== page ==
In terms of results reporting, where a UK trial was registered in the EU Register prior to 31 December 2020 the summary results can continue to be posted by the sponsor via EudraCT (however, MHRA cannot update the status of the trial to ‘completed’). For new trials, the results should be published in the public register where the study is registered and the MHRA informed when this is done. We have updated our IT system so that we can run a report for end of trial notifications received and follow-up with the trial sponsor where a case has not been closed (ie results reported). For the first six months of this year compliance with summary results publication was 86% (ie trials where the end of trial notification was received in the first 6 months of 2019). This isn’t the 100% we are aiming for but is a really encouraging figure compared with international performance. Unsurprisingly, when we followed-up with sponsors the pandemic was quoted as the main reason for non-compliance. Staff shortages and changes to working arrangements had an impact, as did unavailability of laboratory resource for analysis of data. Others quoted technical issues with the EudraCT system that needed to be resolved before their results become public.
On 20th October the HRA announced a partnership with the ISRCTN registry, a primary clinical trial registry recognised by the World Health Organisation (WHO). From early 2022 the HRA will register clinical trials with ISRCTN, starting with clinical trials of investigational medicinal products, taking the burden away from research sponsors and researchers.
HRA has developed an updated study final report, with support from MHRA and other Integrated Research Application System (IRAS) Partners, which will act as a compliance monitor for registration and reporting moving forward. MHRA will also continue to send reminders to sponsors when summary results are due and flag non-compliance to its Good Clinical Practice (GCP) inspectorate.
We also want to ensure transparency is made easy. Working in partnership with ISRCTN, we will review the clinical trial application form so that we capture all the information required for registration and minimise duplication of effort by applicants.
A significant advantage of all UK trials being registered in ISRCTN is that, in addition to the HRA’s website which provides a summary of all research reviewed by a Research Ethics Committee, the information in the UK Be Part of Research website will be much more complete and accessible. Be Part of Research is an online service that provides an opportunity to help members of the public understand what research is and what it might mean to take part, as well as showing what research is currently happening across the UK. Study data on this site is refreshed weekly and comes directly from two databases, the ISRCTN Registry and ClinicalTrials.gov (studies registered only in the EU clinical trial registry have never been visible in Be Part of Research). As all UK clinical trials of investigational medicinal products will now be registered in the ISRCTN registry, these will all be visible on Be Part of Research.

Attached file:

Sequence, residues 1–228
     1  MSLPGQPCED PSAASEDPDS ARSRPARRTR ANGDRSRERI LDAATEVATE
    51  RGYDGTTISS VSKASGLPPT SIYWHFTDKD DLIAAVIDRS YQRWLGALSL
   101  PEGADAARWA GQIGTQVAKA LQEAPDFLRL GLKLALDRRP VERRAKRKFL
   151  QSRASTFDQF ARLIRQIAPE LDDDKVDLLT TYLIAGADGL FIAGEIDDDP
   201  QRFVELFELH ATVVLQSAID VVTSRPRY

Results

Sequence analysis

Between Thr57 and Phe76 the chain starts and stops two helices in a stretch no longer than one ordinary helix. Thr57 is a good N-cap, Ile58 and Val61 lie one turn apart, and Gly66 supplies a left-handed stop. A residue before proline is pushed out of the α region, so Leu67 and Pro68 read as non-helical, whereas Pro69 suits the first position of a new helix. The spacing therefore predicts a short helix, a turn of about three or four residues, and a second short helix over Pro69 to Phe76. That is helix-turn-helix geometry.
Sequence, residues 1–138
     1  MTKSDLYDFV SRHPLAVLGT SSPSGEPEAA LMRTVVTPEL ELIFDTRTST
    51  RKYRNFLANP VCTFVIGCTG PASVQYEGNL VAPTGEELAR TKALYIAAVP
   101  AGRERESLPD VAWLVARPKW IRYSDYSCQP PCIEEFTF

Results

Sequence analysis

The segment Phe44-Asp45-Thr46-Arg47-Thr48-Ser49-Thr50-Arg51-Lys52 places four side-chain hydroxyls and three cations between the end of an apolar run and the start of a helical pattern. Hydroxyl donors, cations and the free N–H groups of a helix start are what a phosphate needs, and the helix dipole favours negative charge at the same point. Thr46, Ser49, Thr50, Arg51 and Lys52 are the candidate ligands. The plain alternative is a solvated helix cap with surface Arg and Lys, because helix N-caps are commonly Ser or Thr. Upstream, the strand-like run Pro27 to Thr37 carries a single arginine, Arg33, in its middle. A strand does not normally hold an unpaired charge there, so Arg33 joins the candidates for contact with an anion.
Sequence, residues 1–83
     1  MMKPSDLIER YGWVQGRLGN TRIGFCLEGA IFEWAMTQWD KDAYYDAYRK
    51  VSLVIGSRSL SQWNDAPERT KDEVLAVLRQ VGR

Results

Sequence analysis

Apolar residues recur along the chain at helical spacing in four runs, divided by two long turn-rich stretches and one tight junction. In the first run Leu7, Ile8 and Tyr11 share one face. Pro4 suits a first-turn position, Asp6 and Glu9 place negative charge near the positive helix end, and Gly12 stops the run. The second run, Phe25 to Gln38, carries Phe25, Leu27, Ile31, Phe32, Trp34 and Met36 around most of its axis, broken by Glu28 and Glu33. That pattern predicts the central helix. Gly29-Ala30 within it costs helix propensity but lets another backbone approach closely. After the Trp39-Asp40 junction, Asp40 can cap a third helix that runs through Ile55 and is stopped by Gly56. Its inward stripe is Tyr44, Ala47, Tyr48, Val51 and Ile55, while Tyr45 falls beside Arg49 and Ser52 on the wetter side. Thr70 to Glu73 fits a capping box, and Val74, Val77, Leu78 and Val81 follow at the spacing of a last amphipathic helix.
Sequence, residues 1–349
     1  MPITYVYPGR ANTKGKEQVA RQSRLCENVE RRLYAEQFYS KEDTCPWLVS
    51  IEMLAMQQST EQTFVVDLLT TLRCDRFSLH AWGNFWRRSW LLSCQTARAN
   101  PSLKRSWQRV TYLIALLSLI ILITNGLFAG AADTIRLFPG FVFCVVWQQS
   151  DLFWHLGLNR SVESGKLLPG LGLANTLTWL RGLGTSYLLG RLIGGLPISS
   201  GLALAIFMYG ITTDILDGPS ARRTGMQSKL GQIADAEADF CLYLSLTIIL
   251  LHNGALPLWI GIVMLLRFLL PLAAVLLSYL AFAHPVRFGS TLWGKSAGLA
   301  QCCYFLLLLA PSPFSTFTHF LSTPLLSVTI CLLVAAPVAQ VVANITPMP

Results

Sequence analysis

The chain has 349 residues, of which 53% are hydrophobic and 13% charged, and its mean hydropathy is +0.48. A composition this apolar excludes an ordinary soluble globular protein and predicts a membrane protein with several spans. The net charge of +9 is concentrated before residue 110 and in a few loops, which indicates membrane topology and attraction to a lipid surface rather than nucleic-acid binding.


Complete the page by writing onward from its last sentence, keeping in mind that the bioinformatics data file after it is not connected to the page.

Current UK legislation is silent on transparency requirements; however, the Medicines and Medical Devices (MMD) Act 2021 which gained Royal Assent in February of this year provides us with the opportunity to design a regulatory environment for clinical trials that will support the development of innovative medicines and ensure that the UK remains a favourable base for life sciences for the benefit of UK patients.
We have been working with stakeholder partners, including patients, to develop proposals for public consultation and are considering legislating for provisions in the “Make it Public” strategy. This includes introducing a proposal for a legal requirement to register a trial in a public register prior to its start and to publish a summary of results in a timely manner i.e. 12 months following the end of the trial (unless otherwise justified and authorised).To ensure protection of participants remains at the heart of legislation, we would also consider introducing a requirement to make information about the outcome of the trial available, in a suitable format, to participants within a timely manner.
We are also considering what appropriate sanction legislation could offer to drive registration and reporting.
The public consultation on proposals for new clinical trials legislation will be available soon. Please do take the opportunity to give your views on introduction of requirements for transparency of clinical trials and a broad range of other aspects to enhance the UK landscape for clinical research.